Solved

[SOLVED] Is My CPU Toast?

Here's the story... The computer was running Windows XP, and my friend wanted to try using Skype. So I dug out a headset (pink & green 3.5mm plugs), and plugged it into the front panel audio ports. The instant I plugged in the mic, the computer shutdown and hasn't turned on since.

After opening the computer, I saw that the plastic connector for the case's front audio ports was melted (apparently it shorted...). Can this destroy my CPU?

Here's my troubleshooting:
I unplugged the melted connector, pushed the power button, but there was no response; no fans spinning, no beeps, no display. All I get is a green LED on the motherboard, telling me there's power to the board, and a red LED when I hit the power button, telling me theres power going to the RAM slots (I checked the MoBo's Product Guide, because I always thought a red LED was a bad sign) I tried replacing the power supply (quickest, cheapest, easiest thing to try), but that wasn't the issue. I tried replacing the motherboard and got the fans to spin, but no display or boot. With both boards, I tried taking out all the RAM (just to see if I can make it beep), but still no response. The only component thats left is the CPU...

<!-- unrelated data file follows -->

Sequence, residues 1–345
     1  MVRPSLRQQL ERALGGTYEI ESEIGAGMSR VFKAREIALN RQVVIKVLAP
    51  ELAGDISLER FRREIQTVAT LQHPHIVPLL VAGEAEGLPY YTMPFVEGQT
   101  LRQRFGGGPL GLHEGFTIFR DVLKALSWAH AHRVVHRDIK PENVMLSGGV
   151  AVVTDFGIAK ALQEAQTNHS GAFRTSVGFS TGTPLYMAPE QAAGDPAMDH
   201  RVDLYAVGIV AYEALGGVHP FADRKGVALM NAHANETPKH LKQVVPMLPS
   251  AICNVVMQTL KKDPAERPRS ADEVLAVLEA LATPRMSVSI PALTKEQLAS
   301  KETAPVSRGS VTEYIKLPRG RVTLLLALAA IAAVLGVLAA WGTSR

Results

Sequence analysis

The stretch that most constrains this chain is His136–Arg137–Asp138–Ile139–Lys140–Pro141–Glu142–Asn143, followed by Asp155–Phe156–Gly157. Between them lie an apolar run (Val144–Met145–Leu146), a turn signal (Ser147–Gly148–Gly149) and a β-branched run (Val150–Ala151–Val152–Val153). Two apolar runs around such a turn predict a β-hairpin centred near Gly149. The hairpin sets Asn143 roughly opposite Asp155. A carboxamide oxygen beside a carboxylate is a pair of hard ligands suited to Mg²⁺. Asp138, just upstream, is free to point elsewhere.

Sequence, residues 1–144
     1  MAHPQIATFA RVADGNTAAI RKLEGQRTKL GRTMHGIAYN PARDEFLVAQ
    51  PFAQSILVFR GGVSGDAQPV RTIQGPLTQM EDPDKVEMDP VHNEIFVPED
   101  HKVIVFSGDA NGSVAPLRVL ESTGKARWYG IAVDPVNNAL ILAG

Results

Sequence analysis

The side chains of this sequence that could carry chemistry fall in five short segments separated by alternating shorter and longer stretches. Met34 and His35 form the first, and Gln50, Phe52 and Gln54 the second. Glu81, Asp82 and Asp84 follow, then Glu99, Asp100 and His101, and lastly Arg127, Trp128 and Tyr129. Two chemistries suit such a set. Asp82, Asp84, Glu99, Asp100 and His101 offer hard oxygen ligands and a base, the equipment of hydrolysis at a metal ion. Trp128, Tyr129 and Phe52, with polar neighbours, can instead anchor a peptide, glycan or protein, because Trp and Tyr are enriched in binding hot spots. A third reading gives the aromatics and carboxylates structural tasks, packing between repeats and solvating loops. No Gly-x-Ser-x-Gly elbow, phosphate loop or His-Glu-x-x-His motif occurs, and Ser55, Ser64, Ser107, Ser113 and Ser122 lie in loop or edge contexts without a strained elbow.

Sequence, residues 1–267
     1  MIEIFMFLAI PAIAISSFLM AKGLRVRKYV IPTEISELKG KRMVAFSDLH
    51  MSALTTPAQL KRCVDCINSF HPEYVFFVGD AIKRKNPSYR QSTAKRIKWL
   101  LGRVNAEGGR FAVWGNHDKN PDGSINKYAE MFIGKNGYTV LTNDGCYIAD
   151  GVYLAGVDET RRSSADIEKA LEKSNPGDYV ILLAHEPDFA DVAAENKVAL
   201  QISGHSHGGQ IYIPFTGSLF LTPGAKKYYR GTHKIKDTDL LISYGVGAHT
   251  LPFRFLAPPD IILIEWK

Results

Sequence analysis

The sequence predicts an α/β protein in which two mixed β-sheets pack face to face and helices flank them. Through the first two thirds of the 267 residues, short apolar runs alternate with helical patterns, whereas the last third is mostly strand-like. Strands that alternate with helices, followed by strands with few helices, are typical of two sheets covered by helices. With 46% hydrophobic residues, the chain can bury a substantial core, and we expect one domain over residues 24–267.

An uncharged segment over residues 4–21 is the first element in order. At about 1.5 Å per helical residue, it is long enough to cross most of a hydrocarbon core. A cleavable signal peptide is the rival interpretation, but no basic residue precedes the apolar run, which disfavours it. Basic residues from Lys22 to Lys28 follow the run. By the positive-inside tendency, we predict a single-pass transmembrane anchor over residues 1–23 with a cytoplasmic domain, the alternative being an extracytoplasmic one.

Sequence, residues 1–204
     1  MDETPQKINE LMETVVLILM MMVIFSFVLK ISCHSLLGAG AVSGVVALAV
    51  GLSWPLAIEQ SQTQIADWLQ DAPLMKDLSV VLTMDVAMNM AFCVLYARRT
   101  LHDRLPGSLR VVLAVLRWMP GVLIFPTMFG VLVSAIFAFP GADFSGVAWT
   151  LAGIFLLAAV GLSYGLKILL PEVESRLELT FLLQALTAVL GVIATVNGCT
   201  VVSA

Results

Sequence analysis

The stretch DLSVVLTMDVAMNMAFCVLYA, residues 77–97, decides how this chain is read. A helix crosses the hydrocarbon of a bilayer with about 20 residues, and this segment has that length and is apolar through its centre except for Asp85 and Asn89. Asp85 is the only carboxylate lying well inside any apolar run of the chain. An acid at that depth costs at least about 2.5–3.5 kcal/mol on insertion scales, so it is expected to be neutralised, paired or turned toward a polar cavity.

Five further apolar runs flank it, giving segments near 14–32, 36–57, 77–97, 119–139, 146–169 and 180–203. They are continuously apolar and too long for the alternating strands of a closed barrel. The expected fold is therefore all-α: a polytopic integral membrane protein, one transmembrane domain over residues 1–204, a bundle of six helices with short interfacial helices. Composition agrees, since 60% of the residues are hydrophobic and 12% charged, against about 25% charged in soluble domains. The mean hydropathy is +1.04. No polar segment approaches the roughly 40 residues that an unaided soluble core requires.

I figured I should ask you guys before I shell out $130 on a new processor.

Heres the specs:
Intel Pentium D Processor (not sure of the specifics, but its LGA775)
Old Board: Intel DQ965GF
New Board: Asus P5G41-M LX2 GB
2GB DDR2 667Mhz Ram
EVGA GeForce 9600GT (PCIe)
500W Antec Earthwatts Power Supply
Antec Sonata III 500 Case
3 answers Last reply Best Answer
More about solved toast
  1. Best answer
    get new CPU looks like your overdue for one anyway
  2. Turns out the board was destroyed. The reason the new motherboard didn't work was because the Pentium D wasn't supported. I just wound up getting a Pentium Dual Core, to fit the new board(and some bigger RAM sticks because the new board only has 2 RAM slots) and that fixed the problem.
  3. Best answer selected by eaturbrainz.
Ask a new question

Read More

Homebuilt Computer Systems